vi. Bertha’s Story
In the evening, Kate found her neighbor Bertha, dressed in robe and slippers, wandering through the courtyard square outside their building.
“Are you all right, Bertha?” Kate asked.
“Oh, I suppose it depends on what you mean by ‘all right,'” replied Bertha. “I feel fine, really fine, dear, though I think something is not right with my meds. Either I took them, and I wasn’t supposed to, or I didn’t take them, and I was. But I feel fine. Just fine.”
“Maybe we should get you home,” Kate said. “Is there someone we can call?”
“Yes, yes,” Bertha replied. “My son. But there’s no rush, really. It’s just… it’s such a beautiful night. Let’s just stay out a little longer. Christmas spirit.”
Bertha began to sing.
“Chestnuts roasting on an open fire,
Jack Frost nipping at your nose, hehe.”
She had a beautiful contralto. Kate watched her breathing, looked in her eyes. She supposed a few more minutes outside wouldn’t hurt. The cold air smelled like chocolate from the truffles factory down by the wharf, and the hissing of steam from the vents and clatter of the street car offered a rhythmic accompaniment to Bertha’s performance.
“Though it’s been said,
Many times, many ways,
Merry Christmas–did I ever tell you about Christmas of 1967?”
Certainly, she hadn’t, seeing as this was their first actual conversation, if you could call it that.
“I was young. I was a young nurse. It was my first year as a nurse. Oh! That year! That was the year that…” Bertha chuckled. “Well, my son came out that year. A doctor. Never married. That is, he never married me. He was already married. Mrs. Doctor Clive Barton. But oh, my. Clive. The times we had! Well, my son is proof of that. Living proof. What was I saying?”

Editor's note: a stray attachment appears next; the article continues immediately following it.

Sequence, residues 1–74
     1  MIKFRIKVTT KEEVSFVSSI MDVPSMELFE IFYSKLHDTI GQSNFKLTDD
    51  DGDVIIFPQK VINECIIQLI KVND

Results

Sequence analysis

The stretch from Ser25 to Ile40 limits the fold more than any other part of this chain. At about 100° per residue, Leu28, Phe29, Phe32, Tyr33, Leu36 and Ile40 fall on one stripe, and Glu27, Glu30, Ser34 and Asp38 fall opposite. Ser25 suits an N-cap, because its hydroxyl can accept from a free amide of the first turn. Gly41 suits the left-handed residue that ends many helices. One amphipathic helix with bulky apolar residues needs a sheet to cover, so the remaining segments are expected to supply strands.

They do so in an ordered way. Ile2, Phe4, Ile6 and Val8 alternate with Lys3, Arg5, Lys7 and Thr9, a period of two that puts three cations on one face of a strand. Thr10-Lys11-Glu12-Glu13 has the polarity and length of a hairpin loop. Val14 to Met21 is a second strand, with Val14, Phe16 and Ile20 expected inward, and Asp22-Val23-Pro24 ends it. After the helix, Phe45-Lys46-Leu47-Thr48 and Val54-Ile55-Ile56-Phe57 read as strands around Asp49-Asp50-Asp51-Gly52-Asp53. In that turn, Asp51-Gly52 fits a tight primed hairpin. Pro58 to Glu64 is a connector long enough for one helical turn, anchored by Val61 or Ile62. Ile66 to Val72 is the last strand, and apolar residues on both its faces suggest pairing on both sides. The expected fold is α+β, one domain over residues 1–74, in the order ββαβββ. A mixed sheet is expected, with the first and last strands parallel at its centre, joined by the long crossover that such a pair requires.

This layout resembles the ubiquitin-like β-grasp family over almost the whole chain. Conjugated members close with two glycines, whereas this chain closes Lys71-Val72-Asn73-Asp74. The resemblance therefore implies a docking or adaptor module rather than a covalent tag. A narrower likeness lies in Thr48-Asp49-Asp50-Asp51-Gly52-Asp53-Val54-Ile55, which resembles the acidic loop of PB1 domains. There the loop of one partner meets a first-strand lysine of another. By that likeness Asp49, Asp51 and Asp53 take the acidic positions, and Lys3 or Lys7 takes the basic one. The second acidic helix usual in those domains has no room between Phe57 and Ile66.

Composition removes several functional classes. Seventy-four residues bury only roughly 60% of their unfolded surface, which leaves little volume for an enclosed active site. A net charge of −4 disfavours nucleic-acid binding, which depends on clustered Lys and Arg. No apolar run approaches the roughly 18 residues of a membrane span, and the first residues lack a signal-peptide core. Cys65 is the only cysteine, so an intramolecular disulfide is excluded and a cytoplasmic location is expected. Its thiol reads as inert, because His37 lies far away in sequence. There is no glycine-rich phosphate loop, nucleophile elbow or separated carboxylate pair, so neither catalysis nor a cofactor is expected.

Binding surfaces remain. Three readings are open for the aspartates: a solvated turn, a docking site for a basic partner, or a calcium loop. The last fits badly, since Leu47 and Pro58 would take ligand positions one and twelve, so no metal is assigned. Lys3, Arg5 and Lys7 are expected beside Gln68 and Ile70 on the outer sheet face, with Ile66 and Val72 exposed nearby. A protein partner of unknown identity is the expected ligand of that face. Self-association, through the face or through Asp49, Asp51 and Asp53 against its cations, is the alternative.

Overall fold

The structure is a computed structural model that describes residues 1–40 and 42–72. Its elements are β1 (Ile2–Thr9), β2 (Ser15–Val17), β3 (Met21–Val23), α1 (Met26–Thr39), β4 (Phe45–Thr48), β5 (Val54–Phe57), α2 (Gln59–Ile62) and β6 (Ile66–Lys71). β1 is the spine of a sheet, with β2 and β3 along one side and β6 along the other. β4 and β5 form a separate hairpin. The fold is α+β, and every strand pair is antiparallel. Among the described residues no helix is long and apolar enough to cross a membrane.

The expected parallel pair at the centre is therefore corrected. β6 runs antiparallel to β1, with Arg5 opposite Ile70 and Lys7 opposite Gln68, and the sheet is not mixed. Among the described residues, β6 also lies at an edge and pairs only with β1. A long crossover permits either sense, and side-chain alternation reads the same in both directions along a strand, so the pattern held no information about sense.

“Christmas of 1967?”
“Oh, yes! Clive. 1967. Well, that was my first year as a nurse. So of course, I got the holiday shift. Christmas and New Year’s Eve, both. Do you know? It was, maybe, the most meaningful Christmas I had. Ever. People died. Two people, on my watch. Babies were born, and I was called in to help with one of them, we were that short-staffed, being Christmas, and all.”
“That must have been terrible,” Kate said.
“It was wonderful,” said Bertha. “It was Christmas, so it was already magical. I don’t know if you realize this, but there are some times when the veil tears, and you can see through to the other side. Christmas is one of those times. Death is another. And birth is a third. And to have all three on one night? Oh, and love! Let’s not forget love. Dr. Clive was on duty that night, if I remember correctly. Oh, there were no veils that night. Everything softened. It softens in death, you know. And in birth, too. And of course, Christmas. And love, goes without saying. So it all softened, and I was there, I was young, I was in the middle of it. Did you say you were going to take me home?”
“Yes, I’ll take you, Bertha,” Kate replied.
“And call my son?”
“And call your son.”
“And fix me tea?”
“Sure. I’ll fix you tea.”
“Good. I think I am done telling stories now.”